My research concentrates on the epidemiology and treatment of CFS/ME. I lead research on recovery in paediatric CFS/ME trying to answer questions including: "How likely is my child to recover?", "How should we define recovery in paediatric CFS/ME?" "What is the minimum clinically important difference that we should use in trials". We work closely with the Bath specialist CFS/ME service (which I lead) to recruit participants to these studies.
My team also analyses data from the Avon Longitudinal Study of Parents and Children (ALSPAC) to investigate the prevalence of and risk factors for CFS/ME at ages 13, 15 and 18. Simon Collin now runs the CFS/ME National Outcomes Database, which collects assessment and outcome data from 26 adult and 4 paediatric teams across England. This is the largest CFS/ME disease register in the world, with assessment data on more than 7000 adults and 1500 children with CFS/ME. It provides the infrastructure for a variety of projects in children and adults. In addition to epidemiological studies we conduct qualitative studies and systematic reviews.
We have recently completed follow up in two trials: SMILE - a randomised controlled trial comparing specialist medical care with specialist medical care plus the Lightning Process (an alternative intervention); and a feasibility randomised controlled trial evaluating an early intervention to prevent CFS/ME in adults (PI Dr O'Dowd).
Dr Esther Crawley, is a Reader in Child Health at the University of Bristol and a Consultant Paediatrician with a special interest in CFS/ME. She is the clinical lead for Bath specialist CFS/ME service for children based at the Royal National Hospital for Rheumatic Diseases in Bath which currently provides assessment and treatment for over 200 children and young people each year.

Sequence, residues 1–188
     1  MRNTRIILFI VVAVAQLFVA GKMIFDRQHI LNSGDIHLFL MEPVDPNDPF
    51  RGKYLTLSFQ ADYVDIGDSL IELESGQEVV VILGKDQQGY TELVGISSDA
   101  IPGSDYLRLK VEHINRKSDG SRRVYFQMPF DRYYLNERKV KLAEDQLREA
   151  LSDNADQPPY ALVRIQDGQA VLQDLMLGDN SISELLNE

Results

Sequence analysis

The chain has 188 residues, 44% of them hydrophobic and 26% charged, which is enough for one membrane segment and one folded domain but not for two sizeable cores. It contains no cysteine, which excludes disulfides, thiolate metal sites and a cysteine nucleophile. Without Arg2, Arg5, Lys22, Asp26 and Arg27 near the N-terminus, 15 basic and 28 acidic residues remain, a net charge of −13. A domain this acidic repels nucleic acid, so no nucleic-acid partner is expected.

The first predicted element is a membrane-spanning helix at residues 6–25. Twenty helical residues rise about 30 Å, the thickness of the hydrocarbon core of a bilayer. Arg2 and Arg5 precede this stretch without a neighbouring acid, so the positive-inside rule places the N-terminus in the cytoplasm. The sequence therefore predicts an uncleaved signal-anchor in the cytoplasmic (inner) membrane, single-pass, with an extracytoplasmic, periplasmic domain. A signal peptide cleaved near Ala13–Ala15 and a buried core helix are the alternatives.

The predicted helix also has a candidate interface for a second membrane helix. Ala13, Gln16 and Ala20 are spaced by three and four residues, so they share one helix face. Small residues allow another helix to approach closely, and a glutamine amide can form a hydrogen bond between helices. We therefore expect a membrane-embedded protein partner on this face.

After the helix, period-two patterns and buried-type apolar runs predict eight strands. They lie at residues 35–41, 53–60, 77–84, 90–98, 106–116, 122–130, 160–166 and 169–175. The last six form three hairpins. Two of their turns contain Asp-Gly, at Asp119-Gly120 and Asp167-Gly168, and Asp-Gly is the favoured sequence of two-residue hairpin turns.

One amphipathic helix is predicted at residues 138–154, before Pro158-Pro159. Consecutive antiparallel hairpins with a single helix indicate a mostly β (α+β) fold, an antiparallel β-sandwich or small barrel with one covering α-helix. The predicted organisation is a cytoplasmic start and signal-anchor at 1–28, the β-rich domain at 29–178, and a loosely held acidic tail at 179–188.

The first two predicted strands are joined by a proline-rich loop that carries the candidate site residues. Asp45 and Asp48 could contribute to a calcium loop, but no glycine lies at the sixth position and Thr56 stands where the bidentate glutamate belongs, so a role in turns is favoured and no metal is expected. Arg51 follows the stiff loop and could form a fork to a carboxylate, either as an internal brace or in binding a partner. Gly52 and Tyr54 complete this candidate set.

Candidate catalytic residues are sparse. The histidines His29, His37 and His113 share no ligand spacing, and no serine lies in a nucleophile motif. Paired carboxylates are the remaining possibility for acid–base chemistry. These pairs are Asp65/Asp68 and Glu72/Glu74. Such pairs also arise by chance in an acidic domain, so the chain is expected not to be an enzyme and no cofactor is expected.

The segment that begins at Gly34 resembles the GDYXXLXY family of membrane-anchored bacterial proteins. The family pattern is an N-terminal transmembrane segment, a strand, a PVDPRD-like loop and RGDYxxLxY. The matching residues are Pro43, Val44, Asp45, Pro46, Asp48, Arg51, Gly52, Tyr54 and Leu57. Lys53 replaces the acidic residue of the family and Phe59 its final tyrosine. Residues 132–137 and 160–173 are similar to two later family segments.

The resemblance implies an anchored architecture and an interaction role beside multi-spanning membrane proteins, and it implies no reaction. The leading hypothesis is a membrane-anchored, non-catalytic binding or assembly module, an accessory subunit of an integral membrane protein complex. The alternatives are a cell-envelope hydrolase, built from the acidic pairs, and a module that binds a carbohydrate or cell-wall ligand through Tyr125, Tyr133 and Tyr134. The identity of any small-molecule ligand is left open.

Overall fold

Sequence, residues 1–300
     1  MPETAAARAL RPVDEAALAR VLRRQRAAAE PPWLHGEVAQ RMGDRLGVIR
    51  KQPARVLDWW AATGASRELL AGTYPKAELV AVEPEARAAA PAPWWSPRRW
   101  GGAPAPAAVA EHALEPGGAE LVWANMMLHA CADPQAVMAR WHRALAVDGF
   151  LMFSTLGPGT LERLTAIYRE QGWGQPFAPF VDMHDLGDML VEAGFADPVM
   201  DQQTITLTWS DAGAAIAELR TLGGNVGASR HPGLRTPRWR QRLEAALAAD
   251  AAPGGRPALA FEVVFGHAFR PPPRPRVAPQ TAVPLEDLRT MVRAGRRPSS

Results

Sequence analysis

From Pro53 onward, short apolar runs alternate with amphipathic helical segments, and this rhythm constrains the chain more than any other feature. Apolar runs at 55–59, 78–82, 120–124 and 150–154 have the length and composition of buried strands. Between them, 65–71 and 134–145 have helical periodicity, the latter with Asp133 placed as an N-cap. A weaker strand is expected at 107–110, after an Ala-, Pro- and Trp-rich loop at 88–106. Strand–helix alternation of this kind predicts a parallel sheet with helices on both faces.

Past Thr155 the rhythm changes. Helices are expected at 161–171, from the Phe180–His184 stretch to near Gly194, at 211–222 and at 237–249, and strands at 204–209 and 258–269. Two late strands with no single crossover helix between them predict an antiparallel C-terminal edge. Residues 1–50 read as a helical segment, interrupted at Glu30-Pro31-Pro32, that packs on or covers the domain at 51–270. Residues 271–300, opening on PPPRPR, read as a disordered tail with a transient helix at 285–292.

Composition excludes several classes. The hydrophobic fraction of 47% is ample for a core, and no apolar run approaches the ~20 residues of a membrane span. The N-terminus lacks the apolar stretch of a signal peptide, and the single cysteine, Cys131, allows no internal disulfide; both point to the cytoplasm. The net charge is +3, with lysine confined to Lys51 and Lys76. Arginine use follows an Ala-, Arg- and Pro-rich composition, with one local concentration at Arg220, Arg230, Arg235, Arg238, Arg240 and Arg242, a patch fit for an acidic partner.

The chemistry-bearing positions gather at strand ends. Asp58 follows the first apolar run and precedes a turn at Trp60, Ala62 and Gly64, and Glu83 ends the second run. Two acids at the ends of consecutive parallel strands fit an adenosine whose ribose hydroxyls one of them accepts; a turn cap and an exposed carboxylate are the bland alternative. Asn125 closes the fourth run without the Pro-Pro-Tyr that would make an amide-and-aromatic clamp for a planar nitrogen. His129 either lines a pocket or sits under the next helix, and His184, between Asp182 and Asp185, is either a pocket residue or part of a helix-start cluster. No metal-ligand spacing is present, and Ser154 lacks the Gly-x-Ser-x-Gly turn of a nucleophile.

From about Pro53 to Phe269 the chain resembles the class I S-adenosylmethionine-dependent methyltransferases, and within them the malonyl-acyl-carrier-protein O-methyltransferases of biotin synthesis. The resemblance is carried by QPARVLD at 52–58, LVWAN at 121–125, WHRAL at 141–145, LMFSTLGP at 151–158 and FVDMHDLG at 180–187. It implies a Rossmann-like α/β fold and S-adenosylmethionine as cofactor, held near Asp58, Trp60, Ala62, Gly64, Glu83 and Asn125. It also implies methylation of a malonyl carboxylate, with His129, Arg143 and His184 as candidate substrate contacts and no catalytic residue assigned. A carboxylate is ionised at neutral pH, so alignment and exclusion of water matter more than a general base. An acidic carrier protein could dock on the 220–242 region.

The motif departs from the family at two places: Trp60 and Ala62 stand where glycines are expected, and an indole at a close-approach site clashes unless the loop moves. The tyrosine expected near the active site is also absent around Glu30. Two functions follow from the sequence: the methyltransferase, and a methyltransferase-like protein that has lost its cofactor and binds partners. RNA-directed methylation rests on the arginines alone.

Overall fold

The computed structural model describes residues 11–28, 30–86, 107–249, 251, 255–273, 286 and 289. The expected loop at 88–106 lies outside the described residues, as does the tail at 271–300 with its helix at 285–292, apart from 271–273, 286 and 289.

Dr Crawley completed her medical training in Oxford, and then worked in Birmingham and Liverpool before doing her PhD at University College London and Great Ormond Street Hospital. Esther then moved to Bristol and Bath and set up the paediatric CFS/ME service. She is a medical advisor to the Association of young people with ME and the Kent and Sussex ME Society and was Chair of the British Association for CFS/ME (BACME, 2007-2010). She set up the Royal College of Paediatrics and Child Health special interest group for CFS/ME, was on the guideline development group for the NICE guidelines published in August 2007 and the MRC CFS/ME expert working group (2009-2010).
Our research has led to some important papers for children with CFS/ME including: the first paper describing CFS/ME in primary school children, and the first paper to describe different phenotypes of paediatric CFS/ME. We also recently showed that 1% of secondary school children missed one day a week because of CFS/ME. In most cases, it is neither diagnosed or treated.
My priority for teaching over the last 7 years has been to provide training nationally for both clinicians and education professionals in the diagnosis, management and recent research findings in paediatric CFS/ME. I developed the department of health training package for the diagnosis and management of CFS/ME (2004) which I delivered to all CFS/ME services. I then developed basic and advanced workshops for health professionals as well as a separate package for teachers/tutors/attendance officers which I have delivered to >70 groups of clinicians/schools/commissioners (2008-11). I take teaching seriously and I am joint element lead for Child Health in the Community Orientated Medical Practice (COMP 1) unit of the clinical medical undergraduate degree (260 students).
My main research interests are: The Epidemiology of CFS/ME in children - Children who miss school have been screened each term for fatigue, Analysis is underway to determine: the prevalence and incidence of CFS/ME in secondary schools; whether children who are identified by screening are different to those referred for rehabilitation by health services. Memory and concentration problems in children with CFS/ME - The first part of this study demonstrated significant problems in memory and attention in children with CFS/ME. Children are now being examined 6 months after treatment started, to see whether their memory and concentration problems change with treatment. Anxiety in children with CFS/ME - This research compares anxiety in children with CFS/ME with best friend controls. Predictors of disease severity and outcome in children with CFS/ME - The CFS/ME service provides assessment and treatment for over 150 children a year.
View complete publications list in the University of Bristol publications system
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